Man who sent hoax anthrax letter to Theresa May jailed

Vincent Potter may have been suffering 'delusional episodes' at the time, court hears

Lizzie Dearden
Home Affairs Correspondent
Friday 02 November 2018 16:42 GMT
The letter claimed the envelope contained anthrax and insulted Theresa May
The letter claimed the envelope contained anthrax and insulted Theresa May (Metropolitan Police)

A schizophrenic man who sent an offensive letter claiming to contain anthrax to the prime minister has been jailed.

Vincent Potter, 60, was given an 18-month prison sentence at the Old Bailey.

Judge Rebecca Poulet QC rejected the defence's call to punish him with a community order but said she cut the jail term because of his mental illness.

“In my judgment the person sending this frightening letter to the prime minister intending them to fear for their safety must be punished by immediate custody," she told the court,

Potter's letter, containing a substance likened to “biscuit crumbs”, was intercepted before it reached Theresa May and sparked a counterterror investigation.

“Dear bitch,” it began, before claiming that the envelope contained a “little surprise for your officers”.

“The powder in this envelope is anthrax,” the letter claimed. "This comes from the Brothers of the Right Hand.”

Potter, who suffers from schizophrenia, had written the letter on a typewriter and addressed it to the prime minister at the Houses of Parliament.

The Metropolitan Police said it aroused suspicion at a London postal sorting office.

Employees wearing protective clothing found that it “contained a white powder along with a note indicating that the powder was anthrax”.

The letter was addressed to Theresa May at the Houses of Parliament
The letter was addressed to Theresa May at the Houses of Parliament (Getty)

“The letter was seized by police and the powder was assessed and determined not to be noxious,” a spokesperson for Scotland Yard said.

“Further forensic work on the envelope and letter found traces of DNA, which led officers to identify Potter.

“He was arrested by officers from the Met’s Counter Terrorism Command at his home address in October 2017 and questioned by detectives.”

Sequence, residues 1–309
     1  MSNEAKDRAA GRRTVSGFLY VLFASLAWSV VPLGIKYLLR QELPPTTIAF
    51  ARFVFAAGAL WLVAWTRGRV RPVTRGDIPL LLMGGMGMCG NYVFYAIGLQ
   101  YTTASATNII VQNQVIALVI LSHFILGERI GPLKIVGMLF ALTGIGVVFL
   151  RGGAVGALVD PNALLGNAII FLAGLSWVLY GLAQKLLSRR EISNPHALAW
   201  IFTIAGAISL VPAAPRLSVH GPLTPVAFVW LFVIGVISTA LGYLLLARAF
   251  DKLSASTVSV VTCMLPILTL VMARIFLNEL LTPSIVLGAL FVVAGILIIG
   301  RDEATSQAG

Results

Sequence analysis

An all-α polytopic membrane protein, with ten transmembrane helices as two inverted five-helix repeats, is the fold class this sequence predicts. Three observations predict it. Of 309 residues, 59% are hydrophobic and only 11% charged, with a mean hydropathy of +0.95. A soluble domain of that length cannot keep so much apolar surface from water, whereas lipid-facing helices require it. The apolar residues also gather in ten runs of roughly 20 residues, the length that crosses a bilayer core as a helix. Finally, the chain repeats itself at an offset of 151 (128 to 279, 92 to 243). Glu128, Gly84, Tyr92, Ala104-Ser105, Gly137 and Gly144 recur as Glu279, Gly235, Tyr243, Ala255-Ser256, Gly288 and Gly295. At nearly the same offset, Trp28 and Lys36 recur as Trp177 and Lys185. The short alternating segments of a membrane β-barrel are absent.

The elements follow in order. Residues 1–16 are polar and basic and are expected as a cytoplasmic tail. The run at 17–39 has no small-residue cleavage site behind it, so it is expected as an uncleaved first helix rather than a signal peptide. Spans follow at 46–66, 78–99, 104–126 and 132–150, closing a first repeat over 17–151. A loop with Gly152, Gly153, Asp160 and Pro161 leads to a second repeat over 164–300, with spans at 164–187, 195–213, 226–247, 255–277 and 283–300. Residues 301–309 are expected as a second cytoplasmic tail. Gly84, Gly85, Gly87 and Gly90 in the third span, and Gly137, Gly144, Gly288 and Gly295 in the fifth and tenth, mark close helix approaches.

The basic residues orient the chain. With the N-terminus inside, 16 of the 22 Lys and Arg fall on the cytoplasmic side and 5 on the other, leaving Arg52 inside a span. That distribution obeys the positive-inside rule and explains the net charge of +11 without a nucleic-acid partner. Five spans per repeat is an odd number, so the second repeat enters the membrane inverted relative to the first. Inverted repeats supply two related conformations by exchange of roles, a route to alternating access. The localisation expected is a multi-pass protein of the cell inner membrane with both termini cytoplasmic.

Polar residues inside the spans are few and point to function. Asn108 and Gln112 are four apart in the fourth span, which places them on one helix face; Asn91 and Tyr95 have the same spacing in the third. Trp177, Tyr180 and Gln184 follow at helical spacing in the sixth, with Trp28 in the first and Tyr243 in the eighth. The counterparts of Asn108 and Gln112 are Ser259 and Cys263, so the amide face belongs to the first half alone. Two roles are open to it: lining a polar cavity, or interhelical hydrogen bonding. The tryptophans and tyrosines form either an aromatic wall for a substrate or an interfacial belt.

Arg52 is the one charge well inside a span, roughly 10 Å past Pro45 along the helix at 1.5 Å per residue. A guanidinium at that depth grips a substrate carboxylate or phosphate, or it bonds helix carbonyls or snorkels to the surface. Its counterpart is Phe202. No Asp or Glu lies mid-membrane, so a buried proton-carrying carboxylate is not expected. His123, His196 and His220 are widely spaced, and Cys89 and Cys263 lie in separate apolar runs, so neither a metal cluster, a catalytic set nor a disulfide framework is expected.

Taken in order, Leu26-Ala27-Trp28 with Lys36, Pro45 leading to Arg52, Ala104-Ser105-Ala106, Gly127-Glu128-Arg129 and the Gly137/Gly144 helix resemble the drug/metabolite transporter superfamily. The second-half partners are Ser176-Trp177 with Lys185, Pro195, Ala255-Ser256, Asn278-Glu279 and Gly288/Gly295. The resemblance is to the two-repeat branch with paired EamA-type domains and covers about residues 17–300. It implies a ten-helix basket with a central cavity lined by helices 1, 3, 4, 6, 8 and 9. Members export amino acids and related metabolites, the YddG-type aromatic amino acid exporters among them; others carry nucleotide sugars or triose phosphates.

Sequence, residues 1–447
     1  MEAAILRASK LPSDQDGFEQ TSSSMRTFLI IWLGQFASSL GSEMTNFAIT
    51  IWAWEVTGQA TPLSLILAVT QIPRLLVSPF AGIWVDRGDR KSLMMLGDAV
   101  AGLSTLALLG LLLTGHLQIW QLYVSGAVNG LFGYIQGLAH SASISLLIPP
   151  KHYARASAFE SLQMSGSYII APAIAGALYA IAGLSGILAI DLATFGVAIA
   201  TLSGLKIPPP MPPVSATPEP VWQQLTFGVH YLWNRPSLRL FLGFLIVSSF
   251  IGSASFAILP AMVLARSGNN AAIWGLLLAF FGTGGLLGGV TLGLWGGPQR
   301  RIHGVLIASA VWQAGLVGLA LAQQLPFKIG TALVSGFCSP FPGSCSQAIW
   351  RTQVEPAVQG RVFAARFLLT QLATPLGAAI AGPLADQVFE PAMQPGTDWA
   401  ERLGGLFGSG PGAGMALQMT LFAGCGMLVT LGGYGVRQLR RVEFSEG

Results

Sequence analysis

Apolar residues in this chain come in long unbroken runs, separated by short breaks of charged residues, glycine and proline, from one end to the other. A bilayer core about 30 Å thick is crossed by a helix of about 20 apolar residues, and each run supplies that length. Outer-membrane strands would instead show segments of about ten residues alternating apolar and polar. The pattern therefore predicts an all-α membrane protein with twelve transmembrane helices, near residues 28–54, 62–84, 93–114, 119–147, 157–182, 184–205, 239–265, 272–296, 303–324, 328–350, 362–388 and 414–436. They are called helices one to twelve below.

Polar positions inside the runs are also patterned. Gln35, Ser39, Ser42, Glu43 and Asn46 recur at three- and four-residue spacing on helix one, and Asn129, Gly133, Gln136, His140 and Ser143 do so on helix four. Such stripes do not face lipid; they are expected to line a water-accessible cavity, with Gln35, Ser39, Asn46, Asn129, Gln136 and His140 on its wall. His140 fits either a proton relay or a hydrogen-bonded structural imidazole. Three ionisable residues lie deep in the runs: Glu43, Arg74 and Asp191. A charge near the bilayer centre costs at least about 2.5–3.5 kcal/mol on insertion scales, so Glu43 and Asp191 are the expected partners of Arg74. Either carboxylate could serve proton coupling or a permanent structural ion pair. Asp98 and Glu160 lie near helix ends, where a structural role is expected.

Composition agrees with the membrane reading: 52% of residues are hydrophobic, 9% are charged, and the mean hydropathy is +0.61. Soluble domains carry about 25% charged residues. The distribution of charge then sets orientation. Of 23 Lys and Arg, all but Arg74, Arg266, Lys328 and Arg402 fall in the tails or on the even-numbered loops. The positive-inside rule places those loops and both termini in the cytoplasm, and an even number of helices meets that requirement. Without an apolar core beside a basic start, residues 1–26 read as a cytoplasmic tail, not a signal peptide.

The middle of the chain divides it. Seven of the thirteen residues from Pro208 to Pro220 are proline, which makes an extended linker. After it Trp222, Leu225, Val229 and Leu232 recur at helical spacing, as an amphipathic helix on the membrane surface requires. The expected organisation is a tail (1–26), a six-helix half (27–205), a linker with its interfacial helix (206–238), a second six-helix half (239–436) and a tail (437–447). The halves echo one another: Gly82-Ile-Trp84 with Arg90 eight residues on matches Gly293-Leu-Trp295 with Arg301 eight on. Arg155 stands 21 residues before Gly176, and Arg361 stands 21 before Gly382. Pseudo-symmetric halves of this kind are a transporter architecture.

Potter’s DNA was found on the stamp and a typewriter thought to be the one used to write the letter was discovered at his home, in the village of Mayfield in East Sussex.

Prosecutors said there was no evidence of any specific terrorist motivation by the letter's author, who entered the Old Bailey courtroom with a walking stick to be sentenced.

He previously pleaded guilty to making a noxious substance hoax on or before 23 August last year, under section 114(2) of the Anti-Terrorism, Crime and Security Act 2001.

The Old Bailey heard he may have been “in the grips of delusional episodes” when the letter was sent and had not been taking his medication for schizophrenia.

When questioned, Potter told police he had never heard of anthrax, or the “Brothers of the Right Hand” and said the letter was “nasty, unpleasant and wicked”.

Potter was also convicted 13 years ago for making an explosive over a dispute with a neighbour.

Judge Poulet acknowledged that he has suffered for many years with schizophrenia but said he could still present a danger to the public.

“I find [the explosive conviction] a very troubling aspect of this case and it is because of that background that I find myself unable to say that you do not present a risk or danger to the public,” she told the court.

The judge said a neighbour and friend of Potter's had said in a letter of support that he had described the offence as a "moment of madness".

A defence lawyer said Potter, who has 14 previous convictions for 25 offences including criminal damage and burglary, still has "no real recollection of the events".

Paula Bignall told the court her client, who was diagnosed with schizophrenia when he was 19, had not been taking his medication at the time of the incident and described his state of mind as having "degenerated quite significantly" in the months leading up to it.

He had no political affiliation and said he did not know why Ms May became the target of the letter, Ms Bignall added.

She described him as being "filled with remorse, regret and to some extent a lack of understanding and comprehension as to how he committed the offence".

"He still has no real recollection of the events," she said. "At the time it seems he may well have been in the grips of delusional episodes."

Additional reporting by PA

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